European physicians routinely prescribe an herb called Hypericum perforatum, the botanical name for St. John's Wort, for their patients with mild depression . If you're one of the many Americans who suffer from this, St. John's Wort is also available -- but only as a dietary supplement.
You can find St. John's Wort in health food stores, neighborhood pharmacies, supermarkets -- wherever you can find vitamins and other dietary supplements, such as ginkgo or echinacea. The labeling notes its contribution to emotional balance and positive outlook or promoting a sense of well-being for people with mild -- not major or severe -- depression. That's all the Food and Drug Administration (FDA) allows. Manufacturers can't advertise it as a treatment for depression -- and doctors can't prescribe it.
But lack of FDA recognition of Hypericum as an anti-depressant hasn't prevented an enthusiastic U.S. response. Why the interest in an alternative treatment? The available antidepressant drugs have a high success rate, but they also carry the unwanted baggage of side effects. Depending on the specific drug, these can include sleep disturbance, weight gain, impaired concentration and memory, disorientation, dry mouth and, most notably, sexual dysfunction. A month's supply of St. John's Wort costs substantially less than a month's supply of Prozac or any other anti-depressant drug -- although it probably won't be covered by your insurance plan or HMO.
Is It Effective?
Is St. John's Wort useful for the treatment of mild depression? Reportedly, it's as effective as standard antidepressant medication, most people experience no side effects and for the small percentage who do have a reaction, the most common occurrences are mild gastrointestinal irritations, allergic reactions, fatigue and restlessness. Hypersensitivity to sunlight has also been identified as a possible side effect.
So why isn't St. John's Wort included in the "official" depression-treatment arsenal? To date, there have been no controlled studies in the United States evaluating the effectiveness of St. John's Wort in alleviating the symptoms of depression, determining what its side effects may be, or comparing it to mainstream antidepressant medications. And according to the National Institute of Mental Health (NIMH), none of the European studies had a sufficiently large sample or were of sufficiently long duration to evaluate adequately the herb's effectiveness and the effects of long-term usage. But that's about to change.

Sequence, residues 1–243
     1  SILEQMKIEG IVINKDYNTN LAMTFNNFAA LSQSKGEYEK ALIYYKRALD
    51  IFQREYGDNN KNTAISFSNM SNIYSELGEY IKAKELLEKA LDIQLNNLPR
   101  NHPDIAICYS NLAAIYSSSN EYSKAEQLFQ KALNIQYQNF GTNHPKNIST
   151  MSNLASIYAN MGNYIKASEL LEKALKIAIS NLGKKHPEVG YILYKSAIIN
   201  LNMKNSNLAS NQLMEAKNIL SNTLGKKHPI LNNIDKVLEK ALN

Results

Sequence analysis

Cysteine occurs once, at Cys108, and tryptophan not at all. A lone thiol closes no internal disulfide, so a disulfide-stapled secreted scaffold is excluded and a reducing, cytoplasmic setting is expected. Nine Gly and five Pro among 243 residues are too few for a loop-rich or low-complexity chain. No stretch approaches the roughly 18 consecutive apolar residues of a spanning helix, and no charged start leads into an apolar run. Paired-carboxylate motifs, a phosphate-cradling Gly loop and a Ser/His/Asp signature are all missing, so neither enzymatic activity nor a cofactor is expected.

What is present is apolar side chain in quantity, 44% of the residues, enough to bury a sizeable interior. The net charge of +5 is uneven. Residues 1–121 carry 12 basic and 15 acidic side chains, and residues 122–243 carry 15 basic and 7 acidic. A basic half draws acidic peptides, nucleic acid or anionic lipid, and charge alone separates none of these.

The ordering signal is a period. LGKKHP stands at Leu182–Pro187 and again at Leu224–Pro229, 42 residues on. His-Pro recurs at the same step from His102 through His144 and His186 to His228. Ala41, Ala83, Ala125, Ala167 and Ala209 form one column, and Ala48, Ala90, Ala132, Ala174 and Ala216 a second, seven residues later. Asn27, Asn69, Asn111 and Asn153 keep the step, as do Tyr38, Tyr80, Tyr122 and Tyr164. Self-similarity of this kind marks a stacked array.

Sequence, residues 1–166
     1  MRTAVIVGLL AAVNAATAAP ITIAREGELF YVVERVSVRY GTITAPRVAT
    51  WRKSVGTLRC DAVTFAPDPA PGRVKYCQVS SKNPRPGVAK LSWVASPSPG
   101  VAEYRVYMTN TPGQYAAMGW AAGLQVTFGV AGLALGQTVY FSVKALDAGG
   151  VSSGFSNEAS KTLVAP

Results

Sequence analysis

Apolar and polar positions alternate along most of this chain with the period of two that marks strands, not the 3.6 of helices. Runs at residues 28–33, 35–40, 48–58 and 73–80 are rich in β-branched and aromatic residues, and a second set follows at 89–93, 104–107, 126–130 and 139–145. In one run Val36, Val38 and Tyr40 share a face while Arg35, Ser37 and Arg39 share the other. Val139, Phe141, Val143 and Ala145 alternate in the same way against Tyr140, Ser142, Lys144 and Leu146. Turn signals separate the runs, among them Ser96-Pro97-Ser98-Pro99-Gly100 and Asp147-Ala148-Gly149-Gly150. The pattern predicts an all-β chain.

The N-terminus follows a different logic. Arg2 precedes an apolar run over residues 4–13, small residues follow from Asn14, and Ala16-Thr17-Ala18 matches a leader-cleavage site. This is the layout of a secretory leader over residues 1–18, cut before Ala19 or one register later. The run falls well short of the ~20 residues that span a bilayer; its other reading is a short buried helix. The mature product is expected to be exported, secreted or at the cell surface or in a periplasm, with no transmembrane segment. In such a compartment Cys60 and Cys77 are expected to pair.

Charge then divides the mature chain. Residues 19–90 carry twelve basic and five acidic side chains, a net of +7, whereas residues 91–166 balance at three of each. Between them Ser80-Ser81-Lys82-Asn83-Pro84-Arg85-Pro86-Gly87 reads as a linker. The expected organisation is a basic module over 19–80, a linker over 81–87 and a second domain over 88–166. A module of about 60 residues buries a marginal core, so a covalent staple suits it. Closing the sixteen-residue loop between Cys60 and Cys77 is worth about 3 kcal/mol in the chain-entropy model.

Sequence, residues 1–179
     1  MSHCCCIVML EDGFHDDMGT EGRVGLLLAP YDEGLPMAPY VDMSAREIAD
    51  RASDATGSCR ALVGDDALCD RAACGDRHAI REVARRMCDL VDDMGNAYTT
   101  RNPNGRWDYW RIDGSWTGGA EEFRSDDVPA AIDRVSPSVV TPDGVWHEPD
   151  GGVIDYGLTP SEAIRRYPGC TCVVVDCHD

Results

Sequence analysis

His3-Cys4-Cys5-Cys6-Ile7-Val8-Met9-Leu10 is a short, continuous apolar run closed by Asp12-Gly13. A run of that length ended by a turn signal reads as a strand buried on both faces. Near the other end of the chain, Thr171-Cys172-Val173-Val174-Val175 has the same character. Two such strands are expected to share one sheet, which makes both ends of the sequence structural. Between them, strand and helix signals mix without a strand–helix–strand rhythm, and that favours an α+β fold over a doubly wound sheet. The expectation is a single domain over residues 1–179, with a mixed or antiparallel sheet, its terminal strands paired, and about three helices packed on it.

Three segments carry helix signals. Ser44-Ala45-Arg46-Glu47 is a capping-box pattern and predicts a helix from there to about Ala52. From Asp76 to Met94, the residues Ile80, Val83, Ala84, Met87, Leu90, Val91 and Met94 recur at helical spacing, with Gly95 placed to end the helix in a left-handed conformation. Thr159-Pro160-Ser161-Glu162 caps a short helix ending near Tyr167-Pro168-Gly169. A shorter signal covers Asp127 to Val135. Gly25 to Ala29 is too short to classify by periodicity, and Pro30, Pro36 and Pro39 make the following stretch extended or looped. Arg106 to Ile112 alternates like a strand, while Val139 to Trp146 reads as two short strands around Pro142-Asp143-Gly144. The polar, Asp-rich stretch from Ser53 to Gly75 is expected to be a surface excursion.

The Office of Alternative Medicine and the NIMH, both part of the National Institutes of Health, recently launched the first U.S. clinical trial of Hypericum. The study, according to Benedetto Vitiello, M.D., NIMH project officer, was prompted by the large number of people taking it. The study's purpose is to "address the knowledge gap" -- provide patients and physicians with information about Hypericum's antidepressant properties and any side effects. The three-year study is being carried out by the Duke University Medical Center in Durham, North Carolina.
If you're one of the many for whom mild depression is a reality, three years may seem like a long time to wait for information about a treatment that seems too good to be true -- and it may be. You need to remember that long-term use may produce side effects, even when short-term use doesn't. To date, there have been no long-term studies of Hypericum. The other important thing to remember is that other physical diseases can mimic depression. If you're experiencing the common symptoms of depression -- sadness, loss of interest in pleasurable activities, decreased energy, disturbed sleep, feelings of hopelessness, don't rush out to buy a bottle of St. John's Wort. Get a thorough medical exam -- and then discuss with your doctor the pros and cons of St. John's Wort and other antidepressants.
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